“You could play better when you slow down.”

Abe said sorry after I expressed deep frustration at the Illinois Open. He said he would slow down in the next tournament. The next tournament would be about a week away. It’s a strong round robin event. I would like to see if he can keep his promise.

I was asked by the organizer the night before the tournament, if Abe could play the double round robin section— a little stronger than the single round robin section—due to some conflicts. My intention for the tournament was to see if Abe could play slow. A little stronger did not matter, or quite the opposite, maybe it’s a little better if Abe took opponents more seriously and hence slow down his games. I felt Abe has passed the stage that he would be very upset to his losses to stronger opponents. In fact, Abe performed better on those occasions. So “No problem.” I said.

The round robin tournament was held in a very nice hotel near our home. There were six people in Abe’s section, everyone plays with each of  other opponents, so five games in a weekend, then switching color, five games in another weekend of next month.

The tournament was held in a well-lighted room in a nice hotel. I could watch Abe's games through the big windows

The tournament was held in a well-lighted room in a nice hotel. I could watch Abe's games through the big windows

Abe used more than half of times allocated (Game in 90 minutes if ignoring the time increments) in 4 of the 5 games. I was quite happy to his performance in general. He slowed down and took time to think. He scored 1.5 points out of 5. Considering his opponents are all higher rated than him, it is a fine performance. We even had a small celebration, not for winning or drawing his games, but for he played slowly. I told Abe “Hope it  remind you to slow down.”

Today I heard that Vietnam top player Le Quang Liem (2694) lost to Botswana player Kheto Phemelo (2266) in the first round of Chess Olympiad. The reason that a 2200+ player could win over a 2700 player will be scrutinized by many. I think since anyone can make mistakes in chess, it is important be patient to take advantage of your opponent’s mistakes. “You could play better when you slow down.” as I told Abe many times.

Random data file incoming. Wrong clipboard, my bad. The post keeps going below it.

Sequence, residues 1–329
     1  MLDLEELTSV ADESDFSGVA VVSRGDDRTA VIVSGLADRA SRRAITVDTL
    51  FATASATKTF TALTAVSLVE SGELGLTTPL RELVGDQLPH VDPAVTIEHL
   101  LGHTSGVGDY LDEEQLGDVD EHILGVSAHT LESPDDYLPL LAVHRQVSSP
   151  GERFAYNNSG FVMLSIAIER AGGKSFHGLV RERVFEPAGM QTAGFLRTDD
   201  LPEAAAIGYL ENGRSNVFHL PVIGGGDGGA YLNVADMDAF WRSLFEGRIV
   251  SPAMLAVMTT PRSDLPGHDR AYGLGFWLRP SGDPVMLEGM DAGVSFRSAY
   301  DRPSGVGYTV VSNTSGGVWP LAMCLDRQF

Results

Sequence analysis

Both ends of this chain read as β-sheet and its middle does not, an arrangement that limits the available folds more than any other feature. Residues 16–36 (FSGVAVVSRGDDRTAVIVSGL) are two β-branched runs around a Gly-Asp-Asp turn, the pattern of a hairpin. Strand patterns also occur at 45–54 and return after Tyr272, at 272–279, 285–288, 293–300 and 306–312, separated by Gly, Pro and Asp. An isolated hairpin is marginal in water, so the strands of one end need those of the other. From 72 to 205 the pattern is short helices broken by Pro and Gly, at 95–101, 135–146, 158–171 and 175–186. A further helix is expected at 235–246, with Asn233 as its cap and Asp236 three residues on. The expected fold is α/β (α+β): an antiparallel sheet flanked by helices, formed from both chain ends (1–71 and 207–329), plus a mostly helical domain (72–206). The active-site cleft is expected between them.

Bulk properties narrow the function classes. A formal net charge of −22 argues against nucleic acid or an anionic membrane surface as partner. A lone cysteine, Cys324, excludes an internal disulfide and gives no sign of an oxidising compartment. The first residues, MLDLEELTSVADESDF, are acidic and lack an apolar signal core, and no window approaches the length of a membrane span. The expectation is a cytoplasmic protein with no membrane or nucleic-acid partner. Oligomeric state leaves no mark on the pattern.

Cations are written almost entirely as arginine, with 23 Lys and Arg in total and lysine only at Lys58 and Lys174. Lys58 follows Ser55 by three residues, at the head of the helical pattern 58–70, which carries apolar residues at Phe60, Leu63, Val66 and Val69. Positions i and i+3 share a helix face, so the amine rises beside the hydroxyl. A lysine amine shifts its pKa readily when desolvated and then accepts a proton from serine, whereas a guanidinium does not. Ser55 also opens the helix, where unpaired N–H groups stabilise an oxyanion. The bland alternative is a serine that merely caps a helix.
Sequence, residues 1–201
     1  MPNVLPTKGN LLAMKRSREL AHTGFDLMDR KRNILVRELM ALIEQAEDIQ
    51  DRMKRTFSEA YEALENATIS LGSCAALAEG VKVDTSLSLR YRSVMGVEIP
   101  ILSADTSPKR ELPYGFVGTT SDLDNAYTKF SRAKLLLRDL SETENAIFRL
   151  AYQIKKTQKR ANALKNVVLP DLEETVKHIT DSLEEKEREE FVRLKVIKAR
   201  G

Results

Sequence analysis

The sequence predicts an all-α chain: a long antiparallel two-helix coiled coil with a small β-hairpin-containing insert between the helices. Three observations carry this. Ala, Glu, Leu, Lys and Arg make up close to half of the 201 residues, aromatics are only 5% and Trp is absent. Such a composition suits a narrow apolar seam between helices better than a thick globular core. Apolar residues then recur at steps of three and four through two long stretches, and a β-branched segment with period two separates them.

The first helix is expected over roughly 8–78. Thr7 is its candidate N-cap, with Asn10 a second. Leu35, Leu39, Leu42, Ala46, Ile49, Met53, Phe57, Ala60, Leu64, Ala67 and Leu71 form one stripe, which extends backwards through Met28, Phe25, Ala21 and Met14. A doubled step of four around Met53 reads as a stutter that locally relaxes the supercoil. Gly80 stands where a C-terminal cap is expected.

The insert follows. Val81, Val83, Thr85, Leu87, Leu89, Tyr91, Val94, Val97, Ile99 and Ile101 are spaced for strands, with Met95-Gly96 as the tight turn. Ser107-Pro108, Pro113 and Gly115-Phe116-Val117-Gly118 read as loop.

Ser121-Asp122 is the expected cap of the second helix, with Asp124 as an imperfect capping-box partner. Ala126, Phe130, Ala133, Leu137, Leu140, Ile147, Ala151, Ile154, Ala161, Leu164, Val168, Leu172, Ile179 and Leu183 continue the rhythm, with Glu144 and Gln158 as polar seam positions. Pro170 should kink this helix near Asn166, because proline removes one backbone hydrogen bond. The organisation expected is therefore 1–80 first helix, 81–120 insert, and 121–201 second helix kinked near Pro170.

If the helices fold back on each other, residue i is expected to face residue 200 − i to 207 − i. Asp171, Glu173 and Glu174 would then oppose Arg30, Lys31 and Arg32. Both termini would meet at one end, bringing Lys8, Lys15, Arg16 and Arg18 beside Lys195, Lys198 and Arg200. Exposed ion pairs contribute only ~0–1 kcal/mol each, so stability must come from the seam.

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2 Comments to ““You could play better when you slow down.””

  1. By chessnut, September 22, 2010 @ 9:00 am

    ChessDad, I’m sorry, but where did you get your info on Le vs. Kheto game? You might want to double check your source because it’s most certainly wrong. Le won as white and beat Kheto in 20 moves with 1hr 16min still on his clock. Here’s the link to the game: http://ugra-chess.com/liveboard?gameid=1001010271&ln=en&tmnt=1. A 500-point upset is almost unheard of at GM level, especially for Le. Le edged out Filipino GM Wesley So in 38 moves of the Slav at Florencio Campomanes Memorial Cup last month. This 19-year-old is playing his best chess ever. I’ll be quite shocked if the upset was true. He drew with Azerbaijan GM Mamedyarov (2756) in Rd 2 today.

    Best wishes to Abe!

  2. By TheChessDad, September 22, 2010 @ 4:54 pm

    Hi Chessnut,

    Thank you for pointing that out. It turned out that some thing was reported wrongly ( including: http://reports.chessdom.com/news-2010/olympiad/chess-olympiad-round-1-live) yesterday but the error was then fixed by the official site later.

    The games could be messed up by the players, but the results could be messed up by the organizers or media. Fortunately, it won’t for long.

    Thanks again.

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